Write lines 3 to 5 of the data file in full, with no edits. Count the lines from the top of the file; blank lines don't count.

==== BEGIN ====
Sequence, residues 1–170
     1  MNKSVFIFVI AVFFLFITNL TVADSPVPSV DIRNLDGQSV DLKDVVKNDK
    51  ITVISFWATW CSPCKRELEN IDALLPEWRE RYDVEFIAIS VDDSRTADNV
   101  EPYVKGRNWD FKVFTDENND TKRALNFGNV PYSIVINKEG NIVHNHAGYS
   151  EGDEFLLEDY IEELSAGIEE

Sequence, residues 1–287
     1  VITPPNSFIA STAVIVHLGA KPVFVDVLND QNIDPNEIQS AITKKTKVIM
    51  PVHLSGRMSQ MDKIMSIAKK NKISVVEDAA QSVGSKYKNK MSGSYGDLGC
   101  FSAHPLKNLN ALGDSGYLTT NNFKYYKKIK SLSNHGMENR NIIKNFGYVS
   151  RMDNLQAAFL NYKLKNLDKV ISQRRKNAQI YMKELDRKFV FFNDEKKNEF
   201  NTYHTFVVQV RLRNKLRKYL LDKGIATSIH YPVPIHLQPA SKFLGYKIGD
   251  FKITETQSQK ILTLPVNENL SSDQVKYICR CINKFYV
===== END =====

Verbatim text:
    51  ITVISFWATW CSPCKRELEN IDALLPEWRE RYDVEFIAIS VDDSRTADNV
   101  EPYVKGRNWD FKVFTDENND TKRALNFGNV PYSIVINKEG NIVHNHAGYS
   151  EGDEFLLEDY IEELSAGIEE